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Ghost Town

Spring Night Dream

The Day of the Blade



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Work by my guest, Prophet.



Ghost Town


Silly hats we'll never wear
Turn to dust on their racks.
Wet sand will wait in vain,
For the weight of our bare feet in dusk.
Salt breeze will sweep through,
Where your fluttering cotton shirt would have been.
Your smiling green eyes will never see
In my admiring eyes, sunset's glory.

Tumble-weed rolls where flowers were to bloom
Nature, they say, is afraid of vacuum.

Our imagined future, the Disney World,
The coffee shop,
The parking lot where we would wander,
Absentmindedly, shoulder to shoulder
after a bad movie we didn't watch . . .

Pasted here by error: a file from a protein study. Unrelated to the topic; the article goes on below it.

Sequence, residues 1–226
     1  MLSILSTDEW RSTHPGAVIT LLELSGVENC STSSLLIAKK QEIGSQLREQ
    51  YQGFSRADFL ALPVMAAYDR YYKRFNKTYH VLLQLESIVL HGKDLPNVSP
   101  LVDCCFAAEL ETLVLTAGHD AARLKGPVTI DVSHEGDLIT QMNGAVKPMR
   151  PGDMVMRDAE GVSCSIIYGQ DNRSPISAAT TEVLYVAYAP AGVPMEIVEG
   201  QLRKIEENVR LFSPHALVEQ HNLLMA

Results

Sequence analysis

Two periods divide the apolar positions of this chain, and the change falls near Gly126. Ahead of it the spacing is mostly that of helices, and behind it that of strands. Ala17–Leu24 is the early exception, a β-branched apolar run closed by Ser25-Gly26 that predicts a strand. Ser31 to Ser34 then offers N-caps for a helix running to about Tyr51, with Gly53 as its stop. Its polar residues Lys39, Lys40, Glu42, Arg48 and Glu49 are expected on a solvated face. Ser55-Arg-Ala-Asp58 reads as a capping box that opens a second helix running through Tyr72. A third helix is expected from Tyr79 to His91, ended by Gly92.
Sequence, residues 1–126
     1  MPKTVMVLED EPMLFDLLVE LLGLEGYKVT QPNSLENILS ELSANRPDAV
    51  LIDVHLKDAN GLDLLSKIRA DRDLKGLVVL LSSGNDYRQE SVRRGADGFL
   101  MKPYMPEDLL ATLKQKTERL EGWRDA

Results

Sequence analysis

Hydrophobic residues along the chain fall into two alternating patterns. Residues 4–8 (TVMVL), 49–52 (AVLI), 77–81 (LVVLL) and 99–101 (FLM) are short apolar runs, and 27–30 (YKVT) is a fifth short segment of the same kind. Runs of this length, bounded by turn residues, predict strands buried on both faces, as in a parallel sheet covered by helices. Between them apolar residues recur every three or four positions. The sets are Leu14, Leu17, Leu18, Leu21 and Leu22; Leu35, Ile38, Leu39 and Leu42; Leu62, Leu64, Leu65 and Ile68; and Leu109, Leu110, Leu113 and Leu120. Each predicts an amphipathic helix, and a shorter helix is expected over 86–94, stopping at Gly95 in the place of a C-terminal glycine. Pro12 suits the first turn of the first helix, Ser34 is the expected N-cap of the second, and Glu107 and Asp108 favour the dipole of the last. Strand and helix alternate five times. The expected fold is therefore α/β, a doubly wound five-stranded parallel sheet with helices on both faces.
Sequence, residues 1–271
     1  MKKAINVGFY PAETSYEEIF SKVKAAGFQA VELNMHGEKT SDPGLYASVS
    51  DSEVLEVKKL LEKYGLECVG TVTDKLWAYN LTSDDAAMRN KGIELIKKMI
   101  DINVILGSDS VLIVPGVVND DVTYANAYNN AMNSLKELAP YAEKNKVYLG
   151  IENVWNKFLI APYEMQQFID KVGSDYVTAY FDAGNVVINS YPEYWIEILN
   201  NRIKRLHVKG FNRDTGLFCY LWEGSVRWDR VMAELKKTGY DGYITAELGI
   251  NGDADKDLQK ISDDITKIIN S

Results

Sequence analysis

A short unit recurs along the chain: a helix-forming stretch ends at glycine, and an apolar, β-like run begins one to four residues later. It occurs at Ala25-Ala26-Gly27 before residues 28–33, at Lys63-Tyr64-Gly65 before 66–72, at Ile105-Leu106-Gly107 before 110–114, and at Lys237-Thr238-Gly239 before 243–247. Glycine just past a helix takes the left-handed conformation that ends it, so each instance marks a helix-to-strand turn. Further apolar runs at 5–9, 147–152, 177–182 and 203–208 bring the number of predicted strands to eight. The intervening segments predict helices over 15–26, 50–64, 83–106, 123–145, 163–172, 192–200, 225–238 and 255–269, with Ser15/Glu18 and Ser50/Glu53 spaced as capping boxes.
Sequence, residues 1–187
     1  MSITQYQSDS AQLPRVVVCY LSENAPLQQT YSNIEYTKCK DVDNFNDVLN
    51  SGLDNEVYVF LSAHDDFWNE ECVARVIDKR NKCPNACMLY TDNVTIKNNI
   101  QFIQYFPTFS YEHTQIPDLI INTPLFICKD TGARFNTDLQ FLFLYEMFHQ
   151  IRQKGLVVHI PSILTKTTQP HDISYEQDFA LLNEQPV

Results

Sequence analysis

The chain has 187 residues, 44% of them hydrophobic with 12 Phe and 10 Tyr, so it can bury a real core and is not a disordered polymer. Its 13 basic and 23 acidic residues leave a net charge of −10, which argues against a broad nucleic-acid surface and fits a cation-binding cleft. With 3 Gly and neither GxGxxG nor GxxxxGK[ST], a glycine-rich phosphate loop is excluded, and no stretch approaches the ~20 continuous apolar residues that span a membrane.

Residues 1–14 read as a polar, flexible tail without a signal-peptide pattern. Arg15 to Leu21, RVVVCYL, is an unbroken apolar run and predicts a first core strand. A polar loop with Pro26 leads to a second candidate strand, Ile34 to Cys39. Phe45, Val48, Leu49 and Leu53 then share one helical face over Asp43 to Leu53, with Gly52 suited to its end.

all moth-balled on the banks of the river we never sailed.

And yet my lovely, those places are real, after their own manner,
And we are there, together:
Free, Forever.

Wednesday, April 14, 1998

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Spring Night Dream

Keepers' plant:
Leafy green, and no roots.
The priestess
Teaches the rites:

Tuck the stem under a towel,
– brown, rolled and folded –
Cover with clay,
Soak in water.

It stands for dependence
Of plants and the planet
On human care.
And it bonds its keepers.
Pilgrims visiting keeprs' plant and keepers
Offer gifts of poetry,
In praise of light, of day and night,
– as Haiku, with seasons –

And of creatures, tame and wild,
Under the roof of human care.

Thus I dreamt of love and life, and of the communion
Of plants in this azure temple of light
That humans share.

Saturday April 11, 1998
4:30 am
As pushpush, my cat,
tucked at, kneaded on, and licked me awake
to jot down this guileless dream.

April 16, 1998

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The Day of Blade: